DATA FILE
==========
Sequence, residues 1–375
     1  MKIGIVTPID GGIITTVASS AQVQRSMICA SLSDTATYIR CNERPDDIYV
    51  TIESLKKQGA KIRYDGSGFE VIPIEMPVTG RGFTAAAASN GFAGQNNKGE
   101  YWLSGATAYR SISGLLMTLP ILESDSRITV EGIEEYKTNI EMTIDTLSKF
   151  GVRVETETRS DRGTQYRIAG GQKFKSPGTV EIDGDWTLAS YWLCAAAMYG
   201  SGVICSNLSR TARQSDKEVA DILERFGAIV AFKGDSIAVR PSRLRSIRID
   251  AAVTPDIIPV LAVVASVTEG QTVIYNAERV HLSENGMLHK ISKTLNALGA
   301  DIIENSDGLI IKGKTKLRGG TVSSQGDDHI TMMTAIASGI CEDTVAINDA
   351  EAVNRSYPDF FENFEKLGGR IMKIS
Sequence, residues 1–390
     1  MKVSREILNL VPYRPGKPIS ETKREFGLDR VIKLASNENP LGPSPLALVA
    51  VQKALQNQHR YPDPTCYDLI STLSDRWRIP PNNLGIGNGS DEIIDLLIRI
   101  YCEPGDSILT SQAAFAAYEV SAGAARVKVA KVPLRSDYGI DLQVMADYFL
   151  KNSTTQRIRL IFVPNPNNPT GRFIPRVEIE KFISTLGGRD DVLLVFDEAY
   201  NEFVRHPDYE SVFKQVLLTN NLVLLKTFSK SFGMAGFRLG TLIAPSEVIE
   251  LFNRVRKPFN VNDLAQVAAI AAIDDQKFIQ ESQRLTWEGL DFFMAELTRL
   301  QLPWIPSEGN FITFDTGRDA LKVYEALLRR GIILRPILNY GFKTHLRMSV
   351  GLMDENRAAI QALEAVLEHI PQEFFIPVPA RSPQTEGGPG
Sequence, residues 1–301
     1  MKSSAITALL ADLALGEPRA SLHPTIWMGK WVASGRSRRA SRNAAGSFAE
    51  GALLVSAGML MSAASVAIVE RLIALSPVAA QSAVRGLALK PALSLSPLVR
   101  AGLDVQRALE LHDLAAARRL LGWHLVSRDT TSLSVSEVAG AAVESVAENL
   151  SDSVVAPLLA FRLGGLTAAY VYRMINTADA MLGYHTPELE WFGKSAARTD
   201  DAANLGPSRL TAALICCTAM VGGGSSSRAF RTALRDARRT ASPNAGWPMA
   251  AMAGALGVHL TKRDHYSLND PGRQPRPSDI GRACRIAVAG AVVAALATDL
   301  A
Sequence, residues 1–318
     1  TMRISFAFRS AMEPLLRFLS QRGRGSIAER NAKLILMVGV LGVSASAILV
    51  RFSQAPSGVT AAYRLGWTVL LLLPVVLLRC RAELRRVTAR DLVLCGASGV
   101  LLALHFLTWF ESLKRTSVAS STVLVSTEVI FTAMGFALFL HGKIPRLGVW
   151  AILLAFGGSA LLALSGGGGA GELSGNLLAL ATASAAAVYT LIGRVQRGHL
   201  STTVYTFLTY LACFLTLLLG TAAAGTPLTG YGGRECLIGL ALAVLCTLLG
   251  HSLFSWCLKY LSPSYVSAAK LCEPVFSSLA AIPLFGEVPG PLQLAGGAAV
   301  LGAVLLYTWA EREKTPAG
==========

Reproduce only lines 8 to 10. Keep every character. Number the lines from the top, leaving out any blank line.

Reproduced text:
   301  DIIENSDGLI IKGKTKLRGG TVSSQGDDHI TMMTAIASGI CEDTVAINDA
   351  EAVNRSYPDF FENFEKLGGR IMKIS
Sequence, residues 1–390